Mercer, Geoff and Roberts, Tony (2005) Predicting the off-site deposition of spray drift from horticultural spraying through porous barriers on soil and plant surfaces. In: MISG 2005: 22nd Mathematics-In-Industry Study Group, 24-28 Jan 2005, Auckland, New Zealand.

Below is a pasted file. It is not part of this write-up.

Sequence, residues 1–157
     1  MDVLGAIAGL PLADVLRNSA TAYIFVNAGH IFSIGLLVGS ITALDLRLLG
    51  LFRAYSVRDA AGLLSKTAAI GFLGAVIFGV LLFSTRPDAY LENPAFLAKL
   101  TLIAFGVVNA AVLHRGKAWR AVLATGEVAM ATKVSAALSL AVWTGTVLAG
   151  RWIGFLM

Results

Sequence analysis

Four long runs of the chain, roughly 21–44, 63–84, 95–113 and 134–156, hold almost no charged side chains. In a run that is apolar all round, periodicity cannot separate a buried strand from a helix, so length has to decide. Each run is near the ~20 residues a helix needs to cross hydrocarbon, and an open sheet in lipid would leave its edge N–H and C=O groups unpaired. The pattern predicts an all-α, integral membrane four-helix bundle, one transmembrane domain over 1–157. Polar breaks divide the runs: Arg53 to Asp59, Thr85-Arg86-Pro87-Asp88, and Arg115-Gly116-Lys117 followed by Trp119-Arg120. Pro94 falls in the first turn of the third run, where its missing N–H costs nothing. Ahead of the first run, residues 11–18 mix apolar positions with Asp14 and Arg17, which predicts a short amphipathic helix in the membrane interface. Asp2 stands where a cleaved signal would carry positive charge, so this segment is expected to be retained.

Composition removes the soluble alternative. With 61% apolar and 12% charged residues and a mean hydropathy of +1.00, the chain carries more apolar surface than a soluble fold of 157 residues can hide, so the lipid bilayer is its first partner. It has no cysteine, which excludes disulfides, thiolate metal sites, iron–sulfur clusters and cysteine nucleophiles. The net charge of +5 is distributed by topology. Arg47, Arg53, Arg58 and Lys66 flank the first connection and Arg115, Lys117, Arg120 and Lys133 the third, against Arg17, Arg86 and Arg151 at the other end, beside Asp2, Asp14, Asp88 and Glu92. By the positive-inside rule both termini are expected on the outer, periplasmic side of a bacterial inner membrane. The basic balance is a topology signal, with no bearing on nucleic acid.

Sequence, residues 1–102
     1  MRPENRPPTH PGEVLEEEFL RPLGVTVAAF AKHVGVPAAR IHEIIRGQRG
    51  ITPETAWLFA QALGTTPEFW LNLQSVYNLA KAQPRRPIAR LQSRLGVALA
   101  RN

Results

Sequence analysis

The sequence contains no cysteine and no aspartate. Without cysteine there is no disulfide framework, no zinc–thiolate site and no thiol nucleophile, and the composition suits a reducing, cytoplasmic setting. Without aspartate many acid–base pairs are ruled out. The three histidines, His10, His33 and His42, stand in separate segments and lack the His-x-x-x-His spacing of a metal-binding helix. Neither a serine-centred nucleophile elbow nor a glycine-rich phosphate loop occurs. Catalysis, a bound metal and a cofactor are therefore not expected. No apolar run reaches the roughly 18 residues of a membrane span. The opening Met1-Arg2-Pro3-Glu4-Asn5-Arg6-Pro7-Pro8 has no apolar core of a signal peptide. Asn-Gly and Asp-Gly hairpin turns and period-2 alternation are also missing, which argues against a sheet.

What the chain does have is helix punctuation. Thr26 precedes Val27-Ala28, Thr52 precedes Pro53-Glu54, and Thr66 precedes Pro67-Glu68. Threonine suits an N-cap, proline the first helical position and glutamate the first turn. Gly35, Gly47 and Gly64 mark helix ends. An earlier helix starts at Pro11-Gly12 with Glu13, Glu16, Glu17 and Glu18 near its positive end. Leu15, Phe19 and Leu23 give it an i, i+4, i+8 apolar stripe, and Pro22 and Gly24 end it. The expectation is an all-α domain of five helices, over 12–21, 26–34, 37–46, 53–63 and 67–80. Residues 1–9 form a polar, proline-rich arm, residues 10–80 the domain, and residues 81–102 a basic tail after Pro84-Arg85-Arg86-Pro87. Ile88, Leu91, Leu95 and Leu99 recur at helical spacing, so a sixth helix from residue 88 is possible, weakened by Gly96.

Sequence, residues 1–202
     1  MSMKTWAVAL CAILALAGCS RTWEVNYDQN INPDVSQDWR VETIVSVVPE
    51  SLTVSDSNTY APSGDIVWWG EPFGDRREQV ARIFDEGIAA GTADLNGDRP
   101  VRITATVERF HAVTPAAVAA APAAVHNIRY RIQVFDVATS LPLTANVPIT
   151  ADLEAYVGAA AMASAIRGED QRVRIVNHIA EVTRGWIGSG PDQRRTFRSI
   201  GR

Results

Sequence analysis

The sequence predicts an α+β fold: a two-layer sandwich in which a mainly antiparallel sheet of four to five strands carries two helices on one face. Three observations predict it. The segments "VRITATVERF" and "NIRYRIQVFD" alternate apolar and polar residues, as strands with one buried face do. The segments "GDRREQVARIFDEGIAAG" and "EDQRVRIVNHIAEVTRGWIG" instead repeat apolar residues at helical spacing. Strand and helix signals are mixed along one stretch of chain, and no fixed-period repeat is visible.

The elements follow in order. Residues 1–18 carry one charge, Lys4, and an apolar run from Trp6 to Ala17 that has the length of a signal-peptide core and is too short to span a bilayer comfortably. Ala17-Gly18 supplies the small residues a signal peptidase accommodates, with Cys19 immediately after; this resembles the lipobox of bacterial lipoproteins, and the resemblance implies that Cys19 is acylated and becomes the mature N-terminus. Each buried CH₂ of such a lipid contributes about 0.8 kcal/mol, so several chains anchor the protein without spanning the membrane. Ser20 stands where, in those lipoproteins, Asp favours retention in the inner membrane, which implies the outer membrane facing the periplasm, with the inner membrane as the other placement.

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Shelterbelts can be used to capture spray drift from crop spraying and reduce its spread to non crop areas. Critical factors in the efficiency of this capture are the ambient wind velocity, the structure of the shelterbelt and the spray drift droplet distribution. Here we present a model of the flow through and over a shelterbelt. It is found that the flow pattern is largely independent of the ambient wind strength. Settling and evaporation of the spray drift droplets are investigated and critical droplet diameters determined. It is found that droplets larger than 200 microns settle before reaching the shelterbelt and need not be included in the shelterbelt capture calculations. A model of the spray drift collection within the shelterbelt is analysed. Wind speeds between 1 and 5 m/s are considered which is the range that spray operations are usually performed over. Shelterbelts with optical porosities between 10% and 30% and constructed of fine particles such as pine needles are found to perform the best.
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